"4 'Weird' Ways to Find a Job"
It was gonzo journalist Hunter S. Thompson who said: "When the
going gets tough, the weird turn pro."
When it comes to your job search in this sluggish, war-time
economy, you might try this advice: When the going gets
tough, the tough get weird.
In other words, be daring. Different. Zig when other job seekers
Here are four ways to get "weird" -- and more importantly, get
hired -- by being unconventional in your job search ...
1) Seek The Path Less Followed
Everyone advises you to post your resume on leading sites like
Monster.com and HotJobs.com. And there's nothing wrong with that
-- my clients have been hired using both.
But don't forget the growing number of job postings found on
niche Web sites that cater to specific industries, associations
and other affinity groups.
This tactic worked for one of my clients Carla S., from
"I interviewed for and got offered a great job this week
after applying to openings on sites from my industry, like
www.jobsinlogistics.com and www.careersinfood.com," says
If you follow Carla's lead and focus your search on sites
that appeal to a narrow audience, you'll likely find you
have less competition for jobs that are closely matched
to your qualifications. That's a win-win scenario, don't
Find niche job boards at sites like www.nicheboards.com
and by doing searches for keywords ("YOUR INDUSTRY + jobs")
at search engines like www.google.com, www.yahoo.com,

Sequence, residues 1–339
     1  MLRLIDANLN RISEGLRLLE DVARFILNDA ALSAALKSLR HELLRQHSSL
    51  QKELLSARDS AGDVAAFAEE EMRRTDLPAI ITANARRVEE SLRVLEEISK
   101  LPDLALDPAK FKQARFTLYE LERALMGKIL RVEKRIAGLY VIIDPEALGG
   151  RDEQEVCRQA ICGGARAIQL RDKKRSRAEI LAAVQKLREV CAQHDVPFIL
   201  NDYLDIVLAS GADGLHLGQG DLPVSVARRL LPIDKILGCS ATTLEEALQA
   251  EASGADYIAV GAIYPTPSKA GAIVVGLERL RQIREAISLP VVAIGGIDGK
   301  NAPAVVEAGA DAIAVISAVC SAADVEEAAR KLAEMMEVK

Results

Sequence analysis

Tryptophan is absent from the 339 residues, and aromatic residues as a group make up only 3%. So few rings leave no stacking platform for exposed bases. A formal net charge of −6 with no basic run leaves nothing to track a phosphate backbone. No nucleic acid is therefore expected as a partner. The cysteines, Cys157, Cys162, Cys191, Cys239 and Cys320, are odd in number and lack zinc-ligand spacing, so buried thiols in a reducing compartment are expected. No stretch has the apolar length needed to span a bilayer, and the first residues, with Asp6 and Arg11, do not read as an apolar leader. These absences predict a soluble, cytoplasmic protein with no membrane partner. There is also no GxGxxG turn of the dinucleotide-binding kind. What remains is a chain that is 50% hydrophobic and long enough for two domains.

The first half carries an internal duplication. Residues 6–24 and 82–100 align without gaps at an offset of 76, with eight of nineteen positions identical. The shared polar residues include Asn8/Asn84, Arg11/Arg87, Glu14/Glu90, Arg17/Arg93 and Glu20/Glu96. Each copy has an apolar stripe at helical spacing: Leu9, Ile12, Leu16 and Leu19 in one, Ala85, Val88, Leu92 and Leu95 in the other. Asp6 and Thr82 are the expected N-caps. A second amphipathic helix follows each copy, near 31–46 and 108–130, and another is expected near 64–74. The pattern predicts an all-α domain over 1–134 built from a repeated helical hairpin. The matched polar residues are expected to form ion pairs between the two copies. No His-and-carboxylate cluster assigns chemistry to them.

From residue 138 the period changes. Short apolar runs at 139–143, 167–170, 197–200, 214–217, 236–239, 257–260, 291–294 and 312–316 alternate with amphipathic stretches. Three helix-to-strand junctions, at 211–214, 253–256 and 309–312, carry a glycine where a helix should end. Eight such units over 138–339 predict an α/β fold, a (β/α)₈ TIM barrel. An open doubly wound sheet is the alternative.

www.teoma.com and www.kartoo.com.
2) Network Backwards
One client, Jeff R. from Prior Lake, Minnesota, hit pay
dirt in February by networking among contacts most
people would never consider calling -- potential employers
from his LAST job search.
"I emailed a manager I had interviewed with two years ago,
before my latest job. He had moved to a different part
of the company, but he referred me to the right decision
maker. That new person interviewed me and offered me a
job," says Jeff.
So don't forget to look both ways when you network -
forward and back, all the way back to your college
career office and internships, no matter how long
ago you graduated.
3) Reject Rejection
Your response to a letter of rejection may, incredibly,
get you the job, according to California-based James
Adams, a career expert and former job-search consultant
to the U.S. government
"I was consulted by a woman who interviewed very well
for a position, but still got a letter of rejection
after applying. Most people would have torn up the
letter and gone on to other things," says Adams.
Instead, Adams told her to write a gracious reply,
thanking the company for their time and reaffirming
her strong desire to work for them.
Did it work?
"The top contender for the position had to relocate
on short notice. The hiring panel remembered the
letter they got from the really eager and pleasant
woman who replied to their rejection letter. She
got the job," says Adams.
4) Networking Begins At Home
When networking and sending out resumes, most folks
tend to search far and wide for job leads. But don't
overlook your own family as a potential gold mine
of employment information.
One client of mine, Paul W. from Columbia Heights,
Minnesota, found a job this way in accounting and
"I emailed over 100 resumes to employers and was
networking seriously, eventually getting 8-10 good
interviews. But it was my wife who helped me find
my new job," says Paul.
His wife told her friend, who told her boss about
Paul's qualifications. That wife's friend's boss
offered Paul an interview, and eventually, a job.
It's proof that you should leave no stone unturned
in your networking efforts, even under your own
by Kevin Donlin
Kevin Donlin is Managing Editor of 1 Day Resumes. The 1DR
writers provide same-day, one-on-one resume writing assistance.
He is also author of "Resume and Cover Letter Secrets Revealed,"
a do-it-yourself manual that will help you find a job in 30 days
... or your money back.
For more information, please visit Resume
and Cover Letter Secrets
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